Sleep in Adolescents - Delayed Sleep Phase Syndrome
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In most cases, the sleeping hours of young people seem abnormal to the rest of the family. Many adolescent people, in the age of 15-20 years (even up to thirty years for some people) prefer to stay awake in the night for long hours and then struggle to wake up early. This hampers their academic or professional goals.

These youngsters are usually described as inactive and lazy. However, in most cases, this problem has physical causes and not behavioral ones.

Often young people visit the clinic to cure a problem where the sleep status is normal but there is impairment in the sleep time. In this article, we will talk about the problem as well as the treatment for the "Delayed Sleep Phase Syndrome.”

Biological ClockBiological Clock

Before discussing the problem, we have to know what a biological clock is.

Every human being has been created with a biological clock that instructs the body about the time to sleep, to eat, react to variations in hormone levels, and body temperature, etc.

Circadian Rhythms refer to the biological and physiological variations that follow the circadian cycle. The biological clock is responsible for long hours of sleep of the children.

This process differs for some individuals entering adolescent period, as they do not get sleep till 11 p.m. or even after that.

The desire of some people to stay awake for studying during the night or for outings with relatives or friends, etc may aggravate the problem.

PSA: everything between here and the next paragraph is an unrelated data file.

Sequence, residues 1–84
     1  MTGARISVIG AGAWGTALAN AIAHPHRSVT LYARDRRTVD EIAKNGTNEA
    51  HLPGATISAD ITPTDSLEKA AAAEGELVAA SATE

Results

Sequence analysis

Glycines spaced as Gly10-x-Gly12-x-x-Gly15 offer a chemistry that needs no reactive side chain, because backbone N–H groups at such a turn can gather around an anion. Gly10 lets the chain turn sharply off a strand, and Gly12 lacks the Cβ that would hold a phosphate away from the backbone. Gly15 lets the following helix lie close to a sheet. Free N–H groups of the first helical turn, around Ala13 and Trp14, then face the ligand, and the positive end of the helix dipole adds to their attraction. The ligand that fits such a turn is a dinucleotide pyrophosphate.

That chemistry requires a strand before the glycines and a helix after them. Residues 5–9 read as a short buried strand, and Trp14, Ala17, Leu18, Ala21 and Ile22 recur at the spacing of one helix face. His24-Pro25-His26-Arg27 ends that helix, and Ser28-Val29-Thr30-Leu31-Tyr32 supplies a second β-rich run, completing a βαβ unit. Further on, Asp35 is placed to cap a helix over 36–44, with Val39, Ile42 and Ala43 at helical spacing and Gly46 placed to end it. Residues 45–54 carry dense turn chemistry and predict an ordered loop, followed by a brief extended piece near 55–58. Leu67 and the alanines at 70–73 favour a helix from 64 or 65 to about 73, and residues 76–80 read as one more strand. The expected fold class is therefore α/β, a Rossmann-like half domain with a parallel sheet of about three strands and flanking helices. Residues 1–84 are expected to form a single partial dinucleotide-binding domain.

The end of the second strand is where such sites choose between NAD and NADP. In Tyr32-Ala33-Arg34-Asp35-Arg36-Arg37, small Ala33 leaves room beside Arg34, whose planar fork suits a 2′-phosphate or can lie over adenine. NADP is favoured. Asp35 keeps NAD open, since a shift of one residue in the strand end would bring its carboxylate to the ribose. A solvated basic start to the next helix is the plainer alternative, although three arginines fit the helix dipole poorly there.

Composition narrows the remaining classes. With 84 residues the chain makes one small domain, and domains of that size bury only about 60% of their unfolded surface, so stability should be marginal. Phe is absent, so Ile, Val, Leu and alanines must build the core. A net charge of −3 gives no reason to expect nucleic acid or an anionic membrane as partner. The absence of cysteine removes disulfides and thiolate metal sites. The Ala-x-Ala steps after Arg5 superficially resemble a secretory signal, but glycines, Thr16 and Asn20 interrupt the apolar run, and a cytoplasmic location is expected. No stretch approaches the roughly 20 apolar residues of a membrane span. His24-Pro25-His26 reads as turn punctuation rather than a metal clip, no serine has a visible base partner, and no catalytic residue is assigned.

Simply put, the biological clock is the body’s ability to get sleep at a specific hour (usually at night) and to wake up at a specified time (usually daytime).

Many external factors affect the regularity of the body's circadian rhythms or the biological clock; light and noise being the key ones. These are accompanied with alterations in bodily functions that could be more effective during the day than the night.

The sleep hormone rate (melatonin) is increased during night and decreased during day, but work in contrary for people with this disorder.

The exposure to light is responsible for reduction of level of the sleep hormone in the blood. This hormone is secreted from the pineal gland in the brain that is connected to the optic nerve. Hence, a long exposure to bright light causes reduction in hormone secretion.

The concepts of light therapy are based on this mechanism.


Research suggests that in order to have a good level of concentration, young people need to have 9 hours of sleep per day. However, the reality is quite different. An American survey presented that more than 25% of the adolescent sleep for 5-6 hours per day, because they feel studying, spending time with friends or playing video games late in the night is more important than sleeping early.

These reasons cause a severe drop in sleeping hours, and if the behavior persists, it can lead to a chronic problem. A decreasing in sleep causes lack of concentration, adversely affect academics, as well as causes mood and behavioral disorders, affecting their academic achievements and limiting their ambitions for success and passion for their work.